Electric Vehicles 101May 20th, 2021
Electric vehicles (EVs) have actually been around for over 100 years. Just as the automobile was beginning to gain traction with the public in the late 1800’s and early 1900’s, the electric vehicle accounted for almost ⅓ of all vehicles on the road. However due to the affordability of internal combustion engines (ICE), the gasoline car became much more popular.
Today, electric vehicles are experiencing a resurgence in popularity. While the ratio between EVs and ICEs is nowhere near what it was in the early 1900’s, it will soon reach it and surpass it in the next few decades. Some of the factors that are driving the adaptation of EVs include declining battery prices, increased range capability, more body style options, and growing access to public charging.
Types of Electric Vehicles
Generally speaking, when referring to an EV, most are thinking of a battery electric vehicle. As in, a vehicle that utilizes batteries only to move it. However, there are actually three different types of electric vehicles.
Hybrid Electric Vehicle (HEV)
These types of vehicles are powered by both batteries - which power a small electric motor - and a gasoline engine. The engine and electric motor work together to move the vehicle. The battery is recharged by recuperating some of the energy during braking and by the gasoline engine itself. The Toyota Prius or Chevrolet Malibu Hybrid are such vehicles.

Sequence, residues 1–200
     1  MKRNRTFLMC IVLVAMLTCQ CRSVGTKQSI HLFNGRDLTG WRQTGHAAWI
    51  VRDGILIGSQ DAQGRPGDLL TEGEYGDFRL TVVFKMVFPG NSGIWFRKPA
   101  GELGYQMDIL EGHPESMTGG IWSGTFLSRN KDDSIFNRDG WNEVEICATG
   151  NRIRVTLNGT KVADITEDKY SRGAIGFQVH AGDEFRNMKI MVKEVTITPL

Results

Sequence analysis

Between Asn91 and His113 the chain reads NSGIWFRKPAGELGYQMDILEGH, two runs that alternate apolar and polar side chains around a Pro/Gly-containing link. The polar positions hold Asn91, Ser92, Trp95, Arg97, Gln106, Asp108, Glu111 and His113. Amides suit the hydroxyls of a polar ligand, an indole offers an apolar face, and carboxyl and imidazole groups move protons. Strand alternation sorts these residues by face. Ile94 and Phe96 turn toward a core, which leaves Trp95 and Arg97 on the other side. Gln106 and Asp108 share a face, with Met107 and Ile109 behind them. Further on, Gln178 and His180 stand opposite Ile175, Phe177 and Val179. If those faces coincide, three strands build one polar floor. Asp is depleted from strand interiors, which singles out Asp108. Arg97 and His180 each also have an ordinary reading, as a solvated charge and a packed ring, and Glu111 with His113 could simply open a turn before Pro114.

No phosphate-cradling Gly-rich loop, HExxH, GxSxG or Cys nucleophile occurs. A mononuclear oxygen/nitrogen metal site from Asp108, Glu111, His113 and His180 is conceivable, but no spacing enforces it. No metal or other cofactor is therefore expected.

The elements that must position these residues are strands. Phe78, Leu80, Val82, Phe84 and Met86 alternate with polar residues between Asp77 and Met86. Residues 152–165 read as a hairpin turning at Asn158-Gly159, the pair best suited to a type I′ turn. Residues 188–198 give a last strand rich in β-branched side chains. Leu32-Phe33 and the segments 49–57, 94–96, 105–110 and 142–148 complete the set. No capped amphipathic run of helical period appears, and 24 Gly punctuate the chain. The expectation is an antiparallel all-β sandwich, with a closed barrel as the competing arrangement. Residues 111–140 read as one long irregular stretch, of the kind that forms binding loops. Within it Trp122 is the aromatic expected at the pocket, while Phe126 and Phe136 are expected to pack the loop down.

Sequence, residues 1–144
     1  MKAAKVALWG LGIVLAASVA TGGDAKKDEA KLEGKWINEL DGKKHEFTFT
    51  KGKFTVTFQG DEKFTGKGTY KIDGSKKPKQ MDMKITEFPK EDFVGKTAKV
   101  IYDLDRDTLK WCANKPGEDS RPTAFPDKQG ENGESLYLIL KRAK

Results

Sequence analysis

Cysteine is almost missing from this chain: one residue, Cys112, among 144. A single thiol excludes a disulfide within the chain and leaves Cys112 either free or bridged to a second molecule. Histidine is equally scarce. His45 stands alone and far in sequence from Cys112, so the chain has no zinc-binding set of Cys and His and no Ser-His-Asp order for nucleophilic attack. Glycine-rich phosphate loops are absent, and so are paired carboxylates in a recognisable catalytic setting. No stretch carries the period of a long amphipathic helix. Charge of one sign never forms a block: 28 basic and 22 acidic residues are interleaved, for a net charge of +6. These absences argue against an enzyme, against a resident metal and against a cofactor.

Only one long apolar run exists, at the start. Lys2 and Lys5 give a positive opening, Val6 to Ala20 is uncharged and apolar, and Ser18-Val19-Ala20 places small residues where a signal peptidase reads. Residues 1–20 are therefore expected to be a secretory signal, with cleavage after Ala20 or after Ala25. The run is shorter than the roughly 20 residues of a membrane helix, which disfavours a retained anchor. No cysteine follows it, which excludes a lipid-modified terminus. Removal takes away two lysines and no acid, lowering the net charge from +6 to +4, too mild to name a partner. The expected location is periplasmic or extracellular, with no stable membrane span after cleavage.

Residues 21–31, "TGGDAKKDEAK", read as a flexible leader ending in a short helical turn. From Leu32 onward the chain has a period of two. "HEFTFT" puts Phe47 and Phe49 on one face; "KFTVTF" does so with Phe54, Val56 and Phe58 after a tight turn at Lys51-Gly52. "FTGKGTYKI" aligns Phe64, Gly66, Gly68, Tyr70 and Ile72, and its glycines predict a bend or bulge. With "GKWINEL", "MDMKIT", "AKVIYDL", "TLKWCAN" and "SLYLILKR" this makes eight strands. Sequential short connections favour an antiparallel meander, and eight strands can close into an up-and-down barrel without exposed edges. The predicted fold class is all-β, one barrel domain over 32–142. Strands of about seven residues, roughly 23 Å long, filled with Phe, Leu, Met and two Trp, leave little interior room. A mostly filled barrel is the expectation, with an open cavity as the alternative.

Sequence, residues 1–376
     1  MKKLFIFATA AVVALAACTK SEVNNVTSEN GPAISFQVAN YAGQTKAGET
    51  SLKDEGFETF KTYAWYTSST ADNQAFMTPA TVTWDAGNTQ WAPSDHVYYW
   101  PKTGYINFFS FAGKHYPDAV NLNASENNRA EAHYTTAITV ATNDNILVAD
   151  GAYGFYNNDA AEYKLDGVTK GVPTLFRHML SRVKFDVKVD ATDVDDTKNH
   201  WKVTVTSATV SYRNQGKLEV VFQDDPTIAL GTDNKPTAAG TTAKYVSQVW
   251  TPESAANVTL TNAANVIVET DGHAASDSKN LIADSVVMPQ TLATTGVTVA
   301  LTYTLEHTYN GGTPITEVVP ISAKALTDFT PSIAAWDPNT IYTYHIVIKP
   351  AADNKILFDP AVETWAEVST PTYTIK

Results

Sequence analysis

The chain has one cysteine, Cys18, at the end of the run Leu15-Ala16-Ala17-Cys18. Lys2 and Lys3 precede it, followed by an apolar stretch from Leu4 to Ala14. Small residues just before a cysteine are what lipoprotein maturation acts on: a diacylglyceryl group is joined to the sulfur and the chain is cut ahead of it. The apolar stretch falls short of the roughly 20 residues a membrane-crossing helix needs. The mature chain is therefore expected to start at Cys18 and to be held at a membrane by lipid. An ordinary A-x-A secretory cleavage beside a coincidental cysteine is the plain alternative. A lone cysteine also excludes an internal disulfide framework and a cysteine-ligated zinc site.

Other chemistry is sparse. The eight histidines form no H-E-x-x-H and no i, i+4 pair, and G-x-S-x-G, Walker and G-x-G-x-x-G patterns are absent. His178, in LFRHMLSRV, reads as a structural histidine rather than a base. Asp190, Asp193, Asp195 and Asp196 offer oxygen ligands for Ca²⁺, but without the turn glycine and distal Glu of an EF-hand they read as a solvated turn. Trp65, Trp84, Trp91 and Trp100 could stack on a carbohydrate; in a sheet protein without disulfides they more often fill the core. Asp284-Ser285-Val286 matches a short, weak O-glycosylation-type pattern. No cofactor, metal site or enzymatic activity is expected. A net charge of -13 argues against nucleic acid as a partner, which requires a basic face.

Plug-in Hybrid Vehicle (PHEV)
Like a hybrid vehicle, a PHEV also uses a combination of gasoline engine and electric motor to power the vehicle. But the battery pack is usually larger allowing for longer distances of travel on only electricity. The gasoline engine can recharge the battery (at the expense of fuel) and it can also be recharged through regenerative braking. However, PHEVs can also be plugged into chargers to recharge the battery at a much lower cost than gasoline.
There is also another type of PHEV called an Extended Range Electric Vehicle (EREV). It has a similar powertrain layout as a PHEV but the gasoline engine doesn’t drive the wheels directly. Instead it acts as a generator to recharge the battery - in addition to being able to be plugged in. The benefit of the engine acting as a generator is that it can run in it’s optimal operating range for the most efficient fuel economy. The Chevrolet Volt was such a vehicle.
Battery Electric Vehicle (BEV)
As the name suggests, these types of vehicles are powered only by batteries. They do not have a gasoline engine. Usually these are high voltage lithium-ion batteries that power one, two, or three electric motors. The batteries are recharged a bit from regenerative braking but mostly from level 1, 2, or 3 charging stations. The Chevrolet Bolt EV & upcoming GMC Hummer EV are such vehicles.
Charging an Electric Vehicle
Level 1 and level 2 chargers utilize the same connector for charging. All major vehicle and charging system manufacturers support this standard connector. In Canada, there are just under 5,000 charging stations with this type of connector but more are being built.